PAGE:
Lap #3: This was the lap where I parted ways with my beloved water belt and agreed (after much arguing) to share Brian's gatorade for the remainder of the run. We had two places to refill the bottle, so it wasn't too bad. My groin started to hurt on this lap, perhaps because of the 2-hour wrestling match I had with my water belt. I tried not to pay attention and kept going.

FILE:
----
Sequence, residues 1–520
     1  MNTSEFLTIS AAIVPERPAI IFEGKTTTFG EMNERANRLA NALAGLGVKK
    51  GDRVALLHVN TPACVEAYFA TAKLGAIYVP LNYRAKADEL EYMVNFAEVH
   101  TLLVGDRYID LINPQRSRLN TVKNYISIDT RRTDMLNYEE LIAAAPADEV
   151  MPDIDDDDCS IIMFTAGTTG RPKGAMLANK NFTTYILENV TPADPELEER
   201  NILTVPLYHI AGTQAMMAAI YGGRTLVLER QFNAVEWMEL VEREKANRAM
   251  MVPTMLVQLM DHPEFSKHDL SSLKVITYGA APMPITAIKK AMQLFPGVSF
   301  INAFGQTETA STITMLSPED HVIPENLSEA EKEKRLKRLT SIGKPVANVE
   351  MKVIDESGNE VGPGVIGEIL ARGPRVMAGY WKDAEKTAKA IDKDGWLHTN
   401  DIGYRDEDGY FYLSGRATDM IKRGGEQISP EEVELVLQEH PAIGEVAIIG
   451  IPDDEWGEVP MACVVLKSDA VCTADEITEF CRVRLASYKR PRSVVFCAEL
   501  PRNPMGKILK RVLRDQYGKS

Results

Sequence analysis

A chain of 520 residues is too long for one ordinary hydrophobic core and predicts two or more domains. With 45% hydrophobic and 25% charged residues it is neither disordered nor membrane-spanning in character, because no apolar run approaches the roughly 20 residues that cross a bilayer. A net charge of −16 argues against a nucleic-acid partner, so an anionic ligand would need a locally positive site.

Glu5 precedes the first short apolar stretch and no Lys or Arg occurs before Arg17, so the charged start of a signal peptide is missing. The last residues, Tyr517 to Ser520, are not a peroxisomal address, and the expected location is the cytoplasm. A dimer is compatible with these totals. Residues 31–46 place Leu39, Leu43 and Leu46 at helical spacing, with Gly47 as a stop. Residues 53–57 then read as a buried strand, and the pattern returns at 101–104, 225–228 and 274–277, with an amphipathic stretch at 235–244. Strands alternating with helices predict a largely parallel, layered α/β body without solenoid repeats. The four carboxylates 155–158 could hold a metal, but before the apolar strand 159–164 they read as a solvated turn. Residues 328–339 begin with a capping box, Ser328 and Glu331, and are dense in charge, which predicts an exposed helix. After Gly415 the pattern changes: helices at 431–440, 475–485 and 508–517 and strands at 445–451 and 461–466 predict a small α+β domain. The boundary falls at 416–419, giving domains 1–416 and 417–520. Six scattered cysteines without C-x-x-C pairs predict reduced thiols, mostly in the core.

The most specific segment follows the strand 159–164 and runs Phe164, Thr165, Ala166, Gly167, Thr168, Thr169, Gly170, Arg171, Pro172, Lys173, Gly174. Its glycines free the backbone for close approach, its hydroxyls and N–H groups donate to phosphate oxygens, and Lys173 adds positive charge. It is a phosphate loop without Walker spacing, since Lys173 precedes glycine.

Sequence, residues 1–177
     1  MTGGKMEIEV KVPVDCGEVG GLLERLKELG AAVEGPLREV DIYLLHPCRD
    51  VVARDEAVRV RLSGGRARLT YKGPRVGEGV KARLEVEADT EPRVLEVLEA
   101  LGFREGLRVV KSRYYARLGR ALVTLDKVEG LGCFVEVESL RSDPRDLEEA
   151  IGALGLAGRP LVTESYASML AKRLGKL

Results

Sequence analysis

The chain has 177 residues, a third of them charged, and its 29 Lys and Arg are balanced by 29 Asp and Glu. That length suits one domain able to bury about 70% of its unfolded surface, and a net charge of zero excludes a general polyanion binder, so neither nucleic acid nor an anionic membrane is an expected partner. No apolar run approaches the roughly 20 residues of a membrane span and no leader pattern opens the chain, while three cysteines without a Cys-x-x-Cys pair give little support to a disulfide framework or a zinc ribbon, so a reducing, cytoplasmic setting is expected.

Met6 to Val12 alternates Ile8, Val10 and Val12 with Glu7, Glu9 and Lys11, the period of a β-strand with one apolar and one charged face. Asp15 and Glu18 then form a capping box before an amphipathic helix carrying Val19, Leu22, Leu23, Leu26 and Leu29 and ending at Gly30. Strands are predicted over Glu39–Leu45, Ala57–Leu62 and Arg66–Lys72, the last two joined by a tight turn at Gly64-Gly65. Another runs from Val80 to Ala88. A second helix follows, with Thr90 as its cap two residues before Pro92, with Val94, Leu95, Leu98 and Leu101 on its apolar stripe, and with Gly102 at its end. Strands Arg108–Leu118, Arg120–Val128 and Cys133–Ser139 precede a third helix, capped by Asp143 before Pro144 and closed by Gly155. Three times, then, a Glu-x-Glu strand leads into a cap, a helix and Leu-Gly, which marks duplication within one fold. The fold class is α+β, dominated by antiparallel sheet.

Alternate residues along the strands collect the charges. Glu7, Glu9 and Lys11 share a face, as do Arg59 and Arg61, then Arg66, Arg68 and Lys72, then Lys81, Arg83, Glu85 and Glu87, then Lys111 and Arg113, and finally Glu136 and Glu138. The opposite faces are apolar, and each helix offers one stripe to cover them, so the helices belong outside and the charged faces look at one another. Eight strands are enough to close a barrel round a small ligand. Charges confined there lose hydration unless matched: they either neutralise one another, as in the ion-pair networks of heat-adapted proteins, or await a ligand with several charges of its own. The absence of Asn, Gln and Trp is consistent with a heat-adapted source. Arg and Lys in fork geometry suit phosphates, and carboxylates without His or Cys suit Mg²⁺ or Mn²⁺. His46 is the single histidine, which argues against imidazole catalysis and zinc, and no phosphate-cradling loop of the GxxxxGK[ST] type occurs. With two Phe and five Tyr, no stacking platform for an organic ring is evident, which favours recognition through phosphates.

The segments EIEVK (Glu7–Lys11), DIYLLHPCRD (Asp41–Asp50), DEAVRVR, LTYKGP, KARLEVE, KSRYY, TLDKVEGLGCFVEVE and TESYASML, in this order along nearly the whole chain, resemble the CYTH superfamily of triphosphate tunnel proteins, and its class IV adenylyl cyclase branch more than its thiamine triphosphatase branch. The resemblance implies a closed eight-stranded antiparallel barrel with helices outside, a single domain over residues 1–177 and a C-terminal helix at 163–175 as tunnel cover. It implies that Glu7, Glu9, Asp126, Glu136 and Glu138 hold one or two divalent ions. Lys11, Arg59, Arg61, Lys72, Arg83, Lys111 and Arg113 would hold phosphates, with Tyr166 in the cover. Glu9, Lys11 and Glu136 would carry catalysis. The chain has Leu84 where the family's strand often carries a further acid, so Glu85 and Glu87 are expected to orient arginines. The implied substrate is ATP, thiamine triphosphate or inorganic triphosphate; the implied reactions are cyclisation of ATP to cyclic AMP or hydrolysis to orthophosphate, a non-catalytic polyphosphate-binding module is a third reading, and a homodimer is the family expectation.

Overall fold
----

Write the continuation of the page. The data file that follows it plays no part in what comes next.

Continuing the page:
Lap #4: The "cool down" lap. This run was particularly challenging. I almost always gag and throw up when I force those energy gels down my throat. They bounce around in my stomache for ten minutes and I have visions of my face in the nearest trash can. So I had to develop a mantra for these trying times. In rhythm to my feet I silently repeated the phrase, "I feel like a million bucks, I feel like a million bucks". I started talking to my legs, "One more lap guys! Take us home." My green truck marked 2/3's of the way to the finish. It looked so beautiful! It sparkled in the sunlight singing, "Come to me! I have Gatorade." During the long runs, stopping for too long is a death sentence. If you stop running for more than a minute, your body thinks it is time to send you all the back pain messages it has been saving so you could survive the run. Getting started again is painful. So we stopped for a quick second and forged on. Brian asked how I was feeling. I puffed, "I feel like a million bucks (LIE)". The good news was that my body was sort of numb as long as I kept moving. Brian, running at a slower pace the whole way to stay with me, seemed to be doing great. I asked him how he was. He said his calf was cramping up and hurt pretty bad. I felt better that I wasn't in pain alone. I was starting to believe he had super powers. There it was. The end of our run. As we jogged toward the finish, Brian grabbed my hand. We crossed the finish line together! Whew. It took us a total of 3 hours and 41 minutes.